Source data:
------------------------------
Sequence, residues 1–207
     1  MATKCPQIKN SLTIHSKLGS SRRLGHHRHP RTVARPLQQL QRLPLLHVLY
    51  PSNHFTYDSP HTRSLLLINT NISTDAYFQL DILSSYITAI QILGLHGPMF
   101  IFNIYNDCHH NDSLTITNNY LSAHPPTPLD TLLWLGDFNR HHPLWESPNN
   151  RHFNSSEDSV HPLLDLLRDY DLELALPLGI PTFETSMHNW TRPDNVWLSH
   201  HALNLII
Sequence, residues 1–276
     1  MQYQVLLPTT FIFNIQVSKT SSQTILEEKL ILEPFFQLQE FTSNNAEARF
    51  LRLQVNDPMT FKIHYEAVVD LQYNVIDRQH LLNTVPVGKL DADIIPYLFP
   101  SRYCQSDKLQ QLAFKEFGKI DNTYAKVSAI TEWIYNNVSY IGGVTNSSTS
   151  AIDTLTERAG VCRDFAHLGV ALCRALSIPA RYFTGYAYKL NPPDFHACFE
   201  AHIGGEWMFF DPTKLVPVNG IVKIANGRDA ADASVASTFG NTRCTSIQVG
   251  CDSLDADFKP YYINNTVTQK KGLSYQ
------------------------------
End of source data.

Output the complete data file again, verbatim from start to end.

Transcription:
Sequence, residues 1–207
     1  MATKCPQIKN SLTIHSKLGS SRRLGHHRHP RTVARPLQQL QRLPLLHVLY
    51  PSNHFTYDSP HTRSLLLINT NISTDAYFQL DILSSYITAI QILGLHGPMF
   101  IFNIYNDCHH NDSLTITNNY LSAHPPTPLD TLLWLGDFNR HHPLWESPNN
   151  RHFNSSEDSV HPLLDLLRDY DLELALPLGI PTFETSMHNW TRPDNVWLSH
   201  HALNLII
Sequence, residues 1–276
     1  MQYQVLLPTT FIFNIQVSKT SSQTILEEKL ILEPFFQLQE FTSNNAEARF
    51  LRLQVNDPMT FKIHYEAVVD LQYNVIDRQH LLNTVPVGKL DADIIPYLFP
   101  SRYCQSDKLQ QLAFKEFGKI DNTYAKVSAI TEWIYNNVSY IGGVTNSSTS
   151  AIDTLTERAG VCRDFAHLGV ALCRALSIPA RYFTGYAYKL NPPDFHACFE
   201  AHIGGEWMFF DPTKLVPVNG IVKIANGRDA ADASVASTFG NTRCTSIQVG
   251  CDSLDADFKP YYINNTVTQK KGLSYQ